Manganese-glyphosate spring update
The quest for higher soybean yields in soils with manganese deficiency can be an expensive and time-consuming effort.
April 2, 2010 By Blair Andrews
The quest for higher soybean yields in soils with manganese deficiency can be an expensive and time-consuming effort. Farmers who require a manganese application are more likely to spray their fields with the nutrient about a week after applying glyphosate rather than using a tank-mix option. The reason for not mixing the two is the risk of losing weed control by antagonizing the glyphosate.
|Plants need manganese for photosynthesis during the active vegetative state.
With the goal of saving growers time and money, Ontario crop advisors in Lambton County have been testing a potential tank-mix option. So far Brian Hoven and John Waters of Lakeside Grain and Feed have had good results with a relatively new product in Canada called Max-In Manganese NF 2.00. In Hoven’s latest trials, tank-mixing the foliar product with Roundup Weather-Max produced similar yields as applying manganese separately. “We wanted to prove that it wasn’t holding back yield and it wasn’t tying up spray efficacy; we wanted to prove you could mix them,” says Hoven, commenting on the fields trials that combined glyphosate with Max-In.
The 2009 testing of the product during the crop season was the latest assessment under Ontario conditions. Max-In is a product from Winfield Solutions, LLC, and is distributed in Canada by the Agromart retail group. Developed with built-in adjuvants, it uses a highly soluble micronutrient source, which helps ensure the movement of micronutrients into the plant from the leaf cuticle. The product’s literature says the Max-In nutrients mix easily with other crop nutrients and crop protection products, including glyphosate-based herbicides.
As reported in the November 2009 edition of Top Crop Manager, Hoven and Waters first tested Max-In in a fall burn-down application of glyphosate to determine if it would reduce weed control. They sprayed the combination in strip trials in the fall of 2008, targeting large, intensive dandelion infestations in separate fields in Forest and Oil Springs. Three combinations were tested and compared: glyphosate; the glyphosate-manganese mix; and a mixture of glyphosate, manganese and Crimson (an ammonium sulfate product). Ammonium sulfate is used to tie up the cations in hard water, thereby increasing the availability of glyphosate for the plant. Hoven saw little or no difference among the strips on his farm in Oil Springs. Although he did not see a significant yield advantage to adding the Crimson/AMS, Hoven says the role of AMS in decreasing the antagonism between the glyphosate and the nutrient cations is well known. And the harder the water conditions, the more pronounced this antagonism will become. Crimson/AMS also helps to prevent a physical incompatibility in a tank mix.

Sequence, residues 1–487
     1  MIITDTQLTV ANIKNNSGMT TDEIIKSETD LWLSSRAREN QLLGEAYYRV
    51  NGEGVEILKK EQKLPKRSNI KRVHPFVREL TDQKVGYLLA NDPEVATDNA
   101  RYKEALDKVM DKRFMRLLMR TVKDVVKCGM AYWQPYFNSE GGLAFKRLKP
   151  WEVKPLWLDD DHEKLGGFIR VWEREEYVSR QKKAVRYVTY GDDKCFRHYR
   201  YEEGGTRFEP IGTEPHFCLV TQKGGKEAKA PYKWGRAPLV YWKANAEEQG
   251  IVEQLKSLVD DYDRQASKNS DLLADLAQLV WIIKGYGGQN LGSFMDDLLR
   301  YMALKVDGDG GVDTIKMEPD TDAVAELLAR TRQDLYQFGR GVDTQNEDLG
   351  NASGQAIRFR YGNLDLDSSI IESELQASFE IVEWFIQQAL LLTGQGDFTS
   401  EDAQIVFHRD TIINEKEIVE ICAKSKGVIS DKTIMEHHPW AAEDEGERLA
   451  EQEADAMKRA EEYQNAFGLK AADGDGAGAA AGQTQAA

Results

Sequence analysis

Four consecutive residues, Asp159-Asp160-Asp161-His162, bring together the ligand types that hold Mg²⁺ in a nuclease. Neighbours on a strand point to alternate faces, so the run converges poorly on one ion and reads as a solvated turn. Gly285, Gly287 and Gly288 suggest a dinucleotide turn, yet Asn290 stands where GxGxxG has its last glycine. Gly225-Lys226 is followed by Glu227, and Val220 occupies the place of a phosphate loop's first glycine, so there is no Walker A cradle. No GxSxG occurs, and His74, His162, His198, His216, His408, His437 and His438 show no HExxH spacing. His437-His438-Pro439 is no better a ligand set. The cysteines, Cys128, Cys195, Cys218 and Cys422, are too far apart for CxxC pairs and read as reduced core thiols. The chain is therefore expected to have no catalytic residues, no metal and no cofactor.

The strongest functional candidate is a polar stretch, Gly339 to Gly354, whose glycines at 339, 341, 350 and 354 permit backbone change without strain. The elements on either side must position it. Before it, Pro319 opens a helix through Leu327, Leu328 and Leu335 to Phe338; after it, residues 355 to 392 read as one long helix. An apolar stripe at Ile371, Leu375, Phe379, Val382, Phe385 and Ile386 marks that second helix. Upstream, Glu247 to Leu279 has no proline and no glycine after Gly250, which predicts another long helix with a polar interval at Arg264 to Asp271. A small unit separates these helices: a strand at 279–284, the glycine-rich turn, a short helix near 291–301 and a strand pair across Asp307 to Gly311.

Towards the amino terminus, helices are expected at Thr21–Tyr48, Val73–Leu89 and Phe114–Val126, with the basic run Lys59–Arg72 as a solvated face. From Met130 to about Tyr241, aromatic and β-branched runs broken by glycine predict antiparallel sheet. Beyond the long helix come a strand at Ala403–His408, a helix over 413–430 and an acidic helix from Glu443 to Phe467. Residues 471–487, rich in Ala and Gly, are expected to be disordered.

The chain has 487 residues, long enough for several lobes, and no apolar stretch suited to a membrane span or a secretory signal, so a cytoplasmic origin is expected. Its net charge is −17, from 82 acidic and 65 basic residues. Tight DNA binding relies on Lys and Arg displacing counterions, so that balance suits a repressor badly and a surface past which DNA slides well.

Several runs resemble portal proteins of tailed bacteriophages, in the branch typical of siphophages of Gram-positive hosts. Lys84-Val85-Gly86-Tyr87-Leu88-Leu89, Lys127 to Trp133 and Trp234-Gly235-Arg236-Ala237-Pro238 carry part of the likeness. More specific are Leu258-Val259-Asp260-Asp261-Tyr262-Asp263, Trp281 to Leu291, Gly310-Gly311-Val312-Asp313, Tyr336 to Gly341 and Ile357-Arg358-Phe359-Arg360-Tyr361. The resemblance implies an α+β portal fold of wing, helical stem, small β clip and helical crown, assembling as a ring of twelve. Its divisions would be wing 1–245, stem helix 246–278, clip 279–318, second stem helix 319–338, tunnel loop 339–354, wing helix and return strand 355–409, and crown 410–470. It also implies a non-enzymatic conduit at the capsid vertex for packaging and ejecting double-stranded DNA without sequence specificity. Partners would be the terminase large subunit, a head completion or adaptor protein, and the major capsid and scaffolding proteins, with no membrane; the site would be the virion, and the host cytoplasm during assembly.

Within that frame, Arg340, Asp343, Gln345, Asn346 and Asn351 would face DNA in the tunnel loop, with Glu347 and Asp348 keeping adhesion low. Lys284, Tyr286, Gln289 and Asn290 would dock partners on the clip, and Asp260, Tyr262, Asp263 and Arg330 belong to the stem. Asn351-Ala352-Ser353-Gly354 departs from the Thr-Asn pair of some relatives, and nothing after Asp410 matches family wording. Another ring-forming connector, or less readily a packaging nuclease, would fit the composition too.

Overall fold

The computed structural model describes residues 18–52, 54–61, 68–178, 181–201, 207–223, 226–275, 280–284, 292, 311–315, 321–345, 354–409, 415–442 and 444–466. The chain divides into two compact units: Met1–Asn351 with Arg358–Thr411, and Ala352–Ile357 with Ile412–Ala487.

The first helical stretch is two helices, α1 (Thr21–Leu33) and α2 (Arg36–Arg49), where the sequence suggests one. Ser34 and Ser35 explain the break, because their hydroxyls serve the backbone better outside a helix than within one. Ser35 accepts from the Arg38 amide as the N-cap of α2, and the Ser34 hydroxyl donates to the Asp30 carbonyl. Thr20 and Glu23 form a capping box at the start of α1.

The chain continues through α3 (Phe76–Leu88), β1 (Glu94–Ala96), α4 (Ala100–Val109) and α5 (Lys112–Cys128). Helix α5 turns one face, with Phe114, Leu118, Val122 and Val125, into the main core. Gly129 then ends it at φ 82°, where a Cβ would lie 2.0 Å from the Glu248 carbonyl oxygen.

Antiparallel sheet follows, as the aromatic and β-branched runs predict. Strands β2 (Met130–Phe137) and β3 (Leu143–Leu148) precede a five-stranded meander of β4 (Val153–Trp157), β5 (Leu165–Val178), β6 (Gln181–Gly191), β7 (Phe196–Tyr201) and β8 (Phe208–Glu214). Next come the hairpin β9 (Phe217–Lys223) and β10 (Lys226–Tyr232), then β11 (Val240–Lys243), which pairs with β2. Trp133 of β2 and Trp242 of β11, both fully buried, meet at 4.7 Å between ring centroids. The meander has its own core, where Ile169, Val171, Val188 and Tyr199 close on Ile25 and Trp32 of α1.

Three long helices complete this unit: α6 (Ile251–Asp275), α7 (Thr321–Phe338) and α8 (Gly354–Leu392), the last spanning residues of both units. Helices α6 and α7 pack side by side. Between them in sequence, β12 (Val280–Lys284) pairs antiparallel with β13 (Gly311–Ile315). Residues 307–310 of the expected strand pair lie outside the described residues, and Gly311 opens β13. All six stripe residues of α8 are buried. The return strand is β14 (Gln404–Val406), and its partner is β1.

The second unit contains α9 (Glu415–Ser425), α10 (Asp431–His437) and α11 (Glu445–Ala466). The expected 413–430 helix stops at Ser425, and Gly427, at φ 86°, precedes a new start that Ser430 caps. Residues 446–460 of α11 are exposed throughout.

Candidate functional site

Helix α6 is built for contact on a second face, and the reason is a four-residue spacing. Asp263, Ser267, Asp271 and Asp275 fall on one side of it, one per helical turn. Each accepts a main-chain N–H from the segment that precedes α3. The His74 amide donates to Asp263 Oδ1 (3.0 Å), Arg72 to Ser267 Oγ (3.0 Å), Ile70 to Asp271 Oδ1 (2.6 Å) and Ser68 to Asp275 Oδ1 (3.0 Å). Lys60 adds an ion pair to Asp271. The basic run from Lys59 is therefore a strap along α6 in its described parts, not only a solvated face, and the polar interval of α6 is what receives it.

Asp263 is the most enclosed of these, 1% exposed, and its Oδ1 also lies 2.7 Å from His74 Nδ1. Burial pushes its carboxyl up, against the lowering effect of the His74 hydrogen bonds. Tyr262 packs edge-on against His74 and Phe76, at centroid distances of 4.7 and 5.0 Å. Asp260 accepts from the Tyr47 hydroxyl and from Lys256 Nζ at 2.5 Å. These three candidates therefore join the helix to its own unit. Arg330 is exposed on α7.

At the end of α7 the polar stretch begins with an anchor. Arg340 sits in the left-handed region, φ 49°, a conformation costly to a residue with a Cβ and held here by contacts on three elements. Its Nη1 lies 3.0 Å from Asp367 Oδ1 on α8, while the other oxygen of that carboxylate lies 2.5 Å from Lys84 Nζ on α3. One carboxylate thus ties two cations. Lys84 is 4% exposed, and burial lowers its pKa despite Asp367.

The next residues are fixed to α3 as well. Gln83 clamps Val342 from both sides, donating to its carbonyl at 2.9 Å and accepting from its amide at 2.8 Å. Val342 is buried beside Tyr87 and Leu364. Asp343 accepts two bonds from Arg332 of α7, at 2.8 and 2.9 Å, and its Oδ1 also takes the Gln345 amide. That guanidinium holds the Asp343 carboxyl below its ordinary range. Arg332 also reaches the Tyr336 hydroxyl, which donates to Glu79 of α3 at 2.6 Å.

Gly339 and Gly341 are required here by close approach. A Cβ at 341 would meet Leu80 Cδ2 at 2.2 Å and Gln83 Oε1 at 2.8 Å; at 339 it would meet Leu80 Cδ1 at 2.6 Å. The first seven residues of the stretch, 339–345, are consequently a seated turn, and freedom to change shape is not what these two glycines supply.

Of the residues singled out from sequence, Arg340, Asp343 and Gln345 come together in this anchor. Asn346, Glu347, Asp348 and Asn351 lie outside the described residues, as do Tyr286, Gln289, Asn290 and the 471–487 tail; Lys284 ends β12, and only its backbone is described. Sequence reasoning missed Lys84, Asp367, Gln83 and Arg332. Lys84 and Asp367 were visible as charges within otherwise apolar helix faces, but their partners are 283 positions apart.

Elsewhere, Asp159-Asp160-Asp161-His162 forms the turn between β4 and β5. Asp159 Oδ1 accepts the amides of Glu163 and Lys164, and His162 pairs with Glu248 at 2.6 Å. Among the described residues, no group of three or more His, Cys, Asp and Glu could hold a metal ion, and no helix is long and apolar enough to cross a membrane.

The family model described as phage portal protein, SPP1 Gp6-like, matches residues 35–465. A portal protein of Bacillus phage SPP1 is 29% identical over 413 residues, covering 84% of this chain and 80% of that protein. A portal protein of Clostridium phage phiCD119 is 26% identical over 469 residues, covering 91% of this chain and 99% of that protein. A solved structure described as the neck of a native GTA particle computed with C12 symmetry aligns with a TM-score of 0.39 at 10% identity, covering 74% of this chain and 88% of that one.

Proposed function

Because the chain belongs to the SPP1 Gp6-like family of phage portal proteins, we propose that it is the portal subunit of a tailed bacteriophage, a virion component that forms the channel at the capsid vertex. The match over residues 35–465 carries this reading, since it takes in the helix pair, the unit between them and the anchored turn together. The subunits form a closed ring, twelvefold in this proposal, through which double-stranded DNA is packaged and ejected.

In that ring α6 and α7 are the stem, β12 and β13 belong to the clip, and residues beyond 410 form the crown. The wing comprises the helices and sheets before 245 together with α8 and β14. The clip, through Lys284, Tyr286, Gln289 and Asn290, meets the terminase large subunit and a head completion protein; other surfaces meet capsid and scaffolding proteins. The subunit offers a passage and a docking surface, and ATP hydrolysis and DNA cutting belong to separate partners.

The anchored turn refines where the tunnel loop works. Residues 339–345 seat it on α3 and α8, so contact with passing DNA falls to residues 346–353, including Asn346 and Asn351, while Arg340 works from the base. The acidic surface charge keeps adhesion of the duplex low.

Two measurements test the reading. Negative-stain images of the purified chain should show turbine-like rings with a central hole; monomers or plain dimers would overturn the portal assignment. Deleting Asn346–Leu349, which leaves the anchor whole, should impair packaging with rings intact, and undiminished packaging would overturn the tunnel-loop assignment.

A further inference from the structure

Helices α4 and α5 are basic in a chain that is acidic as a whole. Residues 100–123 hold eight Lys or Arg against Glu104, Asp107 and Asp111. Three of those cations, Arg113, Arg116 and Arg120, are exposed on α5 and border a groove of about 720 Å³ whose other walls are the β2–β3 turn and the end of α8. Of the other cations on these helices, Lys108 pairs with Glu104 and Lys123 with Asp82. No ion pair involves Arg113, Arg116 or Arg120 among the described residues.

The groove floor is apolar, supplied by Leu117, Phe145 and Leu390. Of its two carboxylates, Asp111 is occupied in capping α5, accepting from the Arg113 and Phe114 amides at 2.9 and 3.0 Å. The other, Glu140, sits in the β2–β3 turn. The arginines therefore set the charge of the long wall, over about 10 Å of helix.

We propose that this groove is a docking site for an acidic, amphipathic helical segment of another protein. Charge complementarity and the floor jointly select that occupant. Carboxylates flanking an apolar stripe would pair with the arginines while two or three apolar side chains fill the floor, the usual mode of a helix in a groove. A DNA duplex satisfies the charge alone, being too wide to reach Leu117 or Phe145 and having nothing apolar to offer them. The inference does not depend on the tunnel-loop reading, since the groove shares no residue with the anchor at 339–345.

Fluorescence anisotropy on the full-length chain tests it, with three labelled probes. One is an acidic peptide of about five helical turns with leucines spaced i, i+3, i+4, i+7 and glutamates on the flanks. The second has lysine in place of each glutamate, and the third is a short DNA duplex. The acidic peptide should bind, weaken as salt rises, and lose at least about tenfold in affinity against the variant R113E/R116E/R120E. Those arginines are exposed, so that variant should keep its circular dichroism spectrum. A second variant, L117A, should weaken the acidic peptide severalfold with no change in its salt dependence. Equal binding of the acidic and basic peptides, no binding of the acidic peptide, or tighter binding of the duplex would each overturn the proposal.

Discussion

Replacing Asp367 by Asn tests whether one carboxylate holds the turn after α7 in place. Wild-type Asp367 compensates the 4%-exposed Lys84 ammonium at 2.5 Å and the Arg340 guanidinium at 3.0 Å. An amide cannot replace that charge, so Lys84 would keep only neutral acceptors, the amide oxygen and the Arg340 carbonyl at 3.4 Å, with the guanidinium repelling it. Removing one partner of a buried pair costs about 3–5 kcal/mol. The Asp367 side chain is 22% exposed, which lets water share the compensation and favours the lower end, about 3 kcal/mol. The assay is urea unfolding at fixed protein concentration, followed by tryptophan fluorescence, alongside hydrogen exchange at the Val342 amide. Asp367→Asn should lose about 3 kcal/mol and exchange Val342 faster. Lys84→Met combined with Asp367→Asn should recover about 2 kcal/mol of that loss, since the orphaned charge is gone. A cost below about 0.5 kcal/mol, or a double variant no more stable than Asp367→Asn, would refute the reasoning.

Waters, however, had different results in his trials in Forest. He sprayed about two weeks later than Hoven and in colder weather. He estimated that there was 75 percent weed control in a glyphosate-manganese strip; 85 to 90 percent in a glyphosate-manganese-Crimson strip; and the strip sprayed with just glyphosate was clean.